Amherst, Virginia/February 1, 2021 – Phill Kline, director of the Amistad Project of the Thomas More Society, has issued a statement calling out a number of glaring flaws in a recent New York Times article about irregularities in the 2020 presidential election.
Kline also took issue with the Times article’s misrepresentations of conservative legal efforts to address widespread lawlessness on the part of state and local officials responsible for managing the election process in numerous states.
“The Times refers to officials ‘bending rules to make mail voting easier during the pandemic,’ which is a gross distortion clearly intended to downplay the significance of what happened,” Kline remarked. “These officials weren’t ‘bending rules,’ they were breaking the law in a systematic fashion, thereby undermining the integrity of the election.”
As described in numerous lawsuits filed by the Amistad Project, some of which are still being adjudicated, election officials and secretaries of state unilaterally set aside ballot security laws passed by their state legislatures, including signature-matching requirements, voter ID requirements, and statutory deadlines for absentee and mail-in ballots.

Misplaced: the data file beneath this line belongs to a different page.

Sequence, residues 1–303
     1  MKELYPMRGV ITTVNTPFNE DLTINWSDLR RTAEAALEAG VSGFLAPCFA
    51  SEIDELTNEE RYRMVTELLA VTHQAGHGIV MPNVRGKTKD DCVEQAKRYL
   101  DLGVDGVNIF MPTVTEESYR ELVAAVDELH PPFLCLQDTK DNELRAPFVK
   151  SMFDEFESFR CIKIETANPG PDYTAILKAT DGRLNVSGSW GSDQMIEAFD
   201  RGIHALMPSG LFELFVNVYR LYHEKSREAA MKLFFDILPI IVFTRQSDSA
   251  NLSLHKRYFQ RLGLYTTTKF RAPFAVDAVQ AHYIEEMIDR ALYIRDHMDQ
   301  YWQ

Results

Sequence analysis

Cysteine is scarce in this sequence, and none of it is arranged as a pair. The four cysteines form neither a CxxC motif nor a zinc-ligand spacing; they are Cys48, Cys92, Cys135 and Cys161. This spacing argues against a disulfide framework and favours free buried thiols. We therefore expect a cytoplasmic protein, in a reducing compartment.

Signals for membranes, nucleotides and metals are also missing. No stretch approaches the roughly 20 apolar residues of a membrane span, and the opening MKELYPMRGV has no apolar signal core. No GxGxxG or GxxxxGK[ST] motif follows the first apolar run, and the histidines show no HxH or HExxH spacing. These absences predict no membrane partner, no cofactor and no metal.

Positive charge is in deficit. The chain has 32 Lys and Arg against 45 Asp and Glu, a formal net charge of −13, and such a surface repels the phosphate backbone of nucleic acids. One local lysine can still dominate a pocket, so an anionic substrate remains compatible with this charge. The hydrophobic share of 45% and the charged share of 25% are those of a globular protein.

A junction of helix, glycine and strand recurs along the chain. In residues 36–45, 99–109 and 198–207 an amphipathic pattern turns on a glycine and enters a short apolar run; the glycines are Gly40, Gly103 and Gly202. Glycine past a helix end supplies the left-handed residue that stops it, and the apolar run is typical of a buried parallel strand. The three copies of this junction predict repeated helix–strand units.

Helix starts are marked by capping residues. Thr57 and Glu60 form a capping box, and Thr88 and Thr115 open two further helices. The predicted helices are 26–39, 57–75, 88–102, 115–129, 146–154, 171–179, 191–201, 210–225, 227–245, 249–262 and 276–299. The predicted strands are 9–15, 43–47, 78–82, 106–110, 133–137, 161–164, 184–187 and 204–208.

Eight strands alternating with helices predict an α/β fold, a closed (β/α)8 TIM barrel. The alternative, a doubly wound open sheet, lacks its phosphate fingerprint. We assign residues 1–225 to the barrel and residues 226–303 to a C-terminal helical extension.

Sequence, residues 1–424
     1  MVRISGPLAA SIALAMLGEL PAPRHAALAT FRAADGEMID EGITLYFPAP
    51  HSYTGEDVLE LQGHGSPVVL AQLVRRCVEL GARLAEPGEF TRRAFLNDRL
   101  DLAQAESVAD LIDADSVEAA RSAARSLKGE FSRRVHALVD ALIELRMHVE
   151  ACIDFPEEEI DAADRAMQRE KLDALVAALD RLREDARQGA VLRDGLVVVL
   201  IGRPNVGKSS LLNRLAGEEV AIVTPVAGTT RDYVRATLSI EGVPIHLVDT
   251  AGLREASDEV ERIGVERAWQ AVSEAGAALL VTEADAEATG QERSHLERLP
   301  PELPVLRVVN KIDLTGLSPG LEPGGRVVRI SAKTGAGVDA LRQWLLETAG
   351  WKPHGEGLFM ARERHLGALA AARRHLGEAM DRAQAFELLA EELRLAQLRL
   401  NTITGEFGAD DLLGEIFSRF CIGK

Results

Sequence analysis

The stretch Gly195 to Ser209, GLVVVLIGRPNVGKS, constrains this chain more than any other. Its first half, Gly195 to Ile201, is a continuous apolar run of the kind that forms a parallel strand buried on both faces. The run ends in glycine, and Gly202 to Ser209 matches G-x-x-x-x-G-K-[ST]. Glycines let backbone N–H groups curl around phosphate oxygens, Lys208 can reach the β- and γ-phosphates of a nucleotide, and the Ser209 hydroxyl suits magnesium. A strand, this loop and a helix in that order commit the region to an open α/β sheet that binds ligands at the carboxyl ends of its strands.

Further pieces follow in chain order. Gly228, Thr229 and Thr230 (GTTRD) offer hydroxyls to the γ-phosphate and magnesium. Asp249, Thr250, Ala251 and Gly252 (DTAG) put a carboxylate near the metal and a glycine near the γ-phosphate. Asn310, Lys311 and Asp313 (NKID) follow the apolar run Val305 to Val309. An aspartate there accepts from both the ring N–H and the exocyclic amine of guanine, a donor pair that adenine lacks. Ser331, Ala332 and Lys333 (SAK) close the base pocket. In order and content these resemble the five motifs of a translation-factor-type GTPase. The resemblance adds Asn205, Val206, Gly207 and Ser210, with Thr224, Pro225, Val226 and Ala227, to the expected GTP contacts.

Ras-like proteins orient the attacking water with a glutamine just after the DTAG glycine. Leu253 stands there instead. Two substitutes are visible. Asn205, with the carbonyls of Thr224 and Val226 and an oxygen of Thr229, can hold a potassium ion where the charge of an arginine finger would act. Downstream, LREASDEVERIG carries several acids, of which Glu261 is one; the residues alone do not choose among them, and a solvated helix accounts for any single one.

Local election officials across the country also accepted hundreds of millions of dollars in private funding from Facebook founder Mark Zuckerberg and others, allowing private interests to dictate the manner in which local officials managed the election in violation of state law. The approach opens the door to private billionaires running state and federal elections. “It is stunning that this doesn’t cause the Times to raise its eyebrows,” Kline said.
“The Times completely ignored this unprecedented infusion of private funding, which intensive investigations have determined was both unnecessary and illegal,” Kline said. “It strains credulity that such a prominent news outlet would publish a story on election integrity without even addressing the significance of over $400 million in private funding.”
“The Times must get past its obsession with Donald Trump and stop distorting information and misleading the public in order to harm the former president,” Kline added. “There are serious, substantive questions about this past election that must be answered in order to restore public confidence in America’s electoral process, which is why the Amistad Project will continue to pursue litigation and investigations into the myriad irregularities and illegalities that occurred in 2020.”